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Data virtualization is being used in everything from small projects that are in need of quick data access, as part of bigger application or data warehousing project, as an enterprise-wide semantic or common data layer or any combination thereof. The use cases can also be classified as Analytical, Operational and Data Management. The white paper “High Value Uses of Data Virtualization” demonstrates how 15 different customers, across a variety of industries have used data virtualization to their advantage.

In terms of examples, let’s look at business intelligence and analytical use cases first, including what is now called “Agile BI”, the use of virtual data marts, or building logical data warehouses with data virtualization. These use cases typically start off using data virtualization for rapid prototyping or to meet an immediate business need and then evolve to a hybrid solution. Often these are used to build a real-time reporting solution that federates access to multiple internal databases, Cloud applications like Amazon WS, Salesforce or Workday, Big Data, flat files or Excel spreadsheets, etc. Real-time dashboards for operational and performance management, network and resource monitoring, etc. are also good fits for data virtualization because they too need real-time information from internal and external sources.

Big Data & Predictive Analytics are hot areas as well, but the investment in these specialized data stores and analytical processing capabilities tend to create even more silos. This is something that could be avoided if they were built on a data virtualization framework. This helps in two ways; first it delivers broader information to the analytical or Big Data stack, and second it exposes the resulting data and analytics which can be in complex formats to the rest of the enterprise in an abstracted (and easy to consume) way such as REST or SQL. This promotes their reuse within operational and day-to-day usage scenarios.

In terms of Operational uses cases for data virtualization, these often include provisioning data services for single-view applications such as in a call center or customer self-service application for a Telco operator; a unified underwriting application for an Insurance carrier; or a virtual inventory management application across a retailer and/or supply chain network. Further, virtualized data services are increasingly reused across multiple applications and business processes making them even more cost effective.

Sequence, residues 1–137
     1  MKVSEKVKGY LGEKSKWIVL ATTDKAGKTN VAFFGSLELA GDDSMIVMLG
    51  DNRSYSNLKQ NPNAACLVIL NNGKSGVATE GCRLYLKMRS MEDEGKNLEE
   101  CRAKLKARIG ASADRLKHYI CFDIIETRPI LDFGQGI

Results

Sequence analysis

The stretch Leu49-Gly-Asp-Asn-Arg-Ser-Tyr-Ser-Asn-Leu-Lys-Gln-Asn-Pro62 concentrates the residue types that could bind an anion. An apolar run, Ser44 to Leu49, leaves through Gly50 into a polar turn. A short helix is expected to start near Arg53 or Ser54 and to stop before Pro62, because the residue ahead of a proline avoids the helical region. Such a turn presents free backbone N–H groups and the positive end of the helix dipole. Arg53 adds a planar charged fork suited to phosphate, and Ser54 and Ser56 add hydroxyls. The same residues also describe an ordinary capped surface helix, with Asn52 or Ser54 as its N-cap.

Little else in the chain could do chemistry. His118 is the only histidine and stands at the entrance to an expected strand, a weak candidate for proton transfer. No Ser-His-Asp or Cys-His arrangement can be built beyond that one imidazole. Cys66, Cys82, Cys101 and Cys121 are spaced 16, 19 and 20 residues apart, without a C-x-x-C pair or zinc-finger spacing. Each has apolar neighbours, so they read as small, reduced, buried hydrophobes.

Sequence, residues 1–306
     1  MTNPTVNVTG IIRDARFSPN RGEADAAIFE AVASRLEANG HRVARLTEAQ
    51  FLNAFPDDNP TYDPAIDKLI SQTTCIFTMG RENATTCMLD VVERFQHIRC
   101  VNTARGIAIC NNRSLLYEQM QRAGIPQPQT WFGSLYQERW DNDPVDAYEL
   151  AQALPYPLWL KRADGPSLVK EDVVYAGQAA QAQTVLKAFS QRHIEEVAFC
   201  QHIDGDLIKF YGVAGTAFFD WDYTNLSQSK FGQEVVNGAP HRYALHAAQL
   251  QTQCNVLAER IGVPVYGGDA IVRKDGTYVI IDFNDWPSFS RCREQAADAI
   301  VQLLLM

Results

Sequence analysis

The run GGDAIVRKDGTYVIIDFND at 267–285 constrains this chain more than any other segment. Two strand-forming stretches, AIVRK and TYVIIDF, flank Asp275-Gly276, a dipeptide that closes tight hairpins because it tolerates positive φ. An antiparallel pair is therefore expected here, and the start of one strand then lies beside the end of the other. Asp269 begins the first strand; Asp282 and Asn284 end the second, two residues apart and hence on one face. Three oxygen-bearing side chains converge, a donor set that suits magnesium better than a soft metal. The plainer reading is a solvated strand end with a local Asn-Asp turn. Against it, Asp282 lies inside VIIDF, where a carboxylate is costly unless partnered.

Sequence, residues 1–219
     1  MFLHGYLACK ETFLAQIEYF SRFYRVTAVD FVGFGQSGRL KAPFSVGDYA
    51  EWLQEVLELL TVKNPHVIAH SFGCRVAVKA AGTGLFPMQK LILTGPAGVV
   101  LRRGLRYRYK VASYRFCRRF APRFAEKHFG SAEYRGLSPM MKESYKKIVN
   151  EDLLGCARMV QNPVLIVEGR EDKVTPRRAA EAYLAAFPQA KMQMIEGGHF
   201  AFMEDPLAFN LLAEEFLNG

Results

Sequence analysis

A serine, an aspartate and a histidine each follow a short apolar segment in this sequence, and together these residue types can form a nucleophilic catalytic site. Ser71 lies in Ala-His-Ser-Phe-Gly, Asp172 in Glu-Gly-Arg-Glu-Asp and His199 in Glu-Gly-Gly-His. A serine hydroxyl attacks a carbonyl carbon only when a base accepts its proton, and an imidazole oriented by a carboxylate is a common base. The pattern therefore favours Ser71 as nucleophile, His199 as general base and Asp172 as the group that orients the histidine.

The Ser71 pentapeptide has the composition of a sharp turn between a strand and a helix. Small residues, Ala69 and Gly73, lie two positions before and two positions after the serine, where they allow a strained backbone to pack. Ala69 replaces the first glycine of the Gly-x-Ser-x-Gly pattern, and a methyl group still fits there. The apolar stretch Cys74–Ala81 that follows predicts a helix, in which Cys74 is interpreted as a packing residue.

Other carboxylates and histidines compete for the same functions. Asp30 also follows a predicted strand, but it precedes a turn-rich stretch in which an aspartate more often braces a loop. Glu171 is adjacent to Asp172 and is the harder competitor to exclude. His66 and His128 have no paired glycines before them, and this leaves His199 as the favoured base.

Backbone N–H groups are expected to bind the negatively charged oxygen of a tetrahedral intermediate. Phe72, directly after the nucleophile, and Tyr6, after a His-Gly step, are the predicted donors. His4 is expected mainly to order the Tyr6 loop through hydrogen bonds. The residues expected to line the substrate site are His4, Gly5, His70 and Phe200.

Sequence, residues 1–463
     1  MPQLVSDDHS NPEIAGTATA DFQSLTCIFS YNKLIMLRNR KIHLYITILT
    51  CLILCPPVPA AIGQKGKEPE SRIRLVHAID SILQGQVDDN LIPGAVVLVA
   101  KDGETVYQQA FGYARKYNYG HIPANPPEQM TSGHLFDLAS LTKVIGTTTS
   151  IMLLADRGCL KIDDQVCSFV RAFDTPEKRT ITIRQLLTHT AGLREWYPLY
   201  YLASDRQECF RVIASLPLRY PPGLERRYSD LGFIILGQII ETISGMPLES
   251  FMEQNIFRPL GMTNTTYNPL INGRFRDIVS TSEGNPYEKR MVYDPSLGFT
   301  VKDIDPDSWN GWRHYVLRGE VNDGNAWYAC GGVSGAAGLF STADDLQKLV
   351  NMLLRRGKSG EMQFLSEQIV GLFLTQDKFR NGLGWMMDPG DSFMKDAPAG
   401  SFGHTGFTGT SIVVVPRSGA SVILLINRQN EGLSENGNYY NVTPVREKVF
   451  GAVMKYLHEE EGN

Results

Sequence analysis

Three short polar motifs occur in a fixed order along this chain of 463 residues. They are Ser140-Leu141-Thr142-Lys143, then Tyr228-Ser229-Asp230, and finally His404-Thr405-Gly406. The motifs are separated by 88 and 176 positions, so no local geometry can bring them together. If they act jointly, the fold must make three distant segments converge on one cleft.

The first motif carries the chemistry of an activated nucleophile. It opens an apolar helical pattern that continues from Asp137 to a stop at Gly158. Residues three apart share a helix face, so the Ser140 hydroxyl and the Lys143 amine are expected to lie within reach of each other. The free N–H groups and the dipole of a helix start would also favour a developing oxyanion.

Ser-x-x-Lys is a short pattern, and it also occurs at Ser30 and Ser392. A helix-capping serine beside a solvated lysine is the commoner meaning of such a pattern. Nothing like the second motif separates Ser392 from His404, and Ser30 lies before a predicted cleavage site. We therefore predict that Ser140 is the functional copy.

Data Management use cases are also being adopted more broadly. Companies create a unified virtual data layer, also known as a semantic or common data layer, to capture the common metadata by domain across the enterprise which is then encapsulated in canonical data services that can be consumed by both BI and operational users. Extended to master or reference data, this creates a virtual or hybrid master data management (MDM) solution. Enterprise data services that support Agile SCRUM application development practices for both SOA applications, and in newer REST/JSON outputs for mobile and Cloud applications, are becoming popular.

Finally, companies use data virtualization as an abstraction/decoupling layer to mask volatility in data sources and applications during major changes such as mergers & acquisitions, application modernization and/or Cloud/outsourcing initiatives. More specific examples of data virtualization use cases can be found here.

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Suresh Chandrasekaran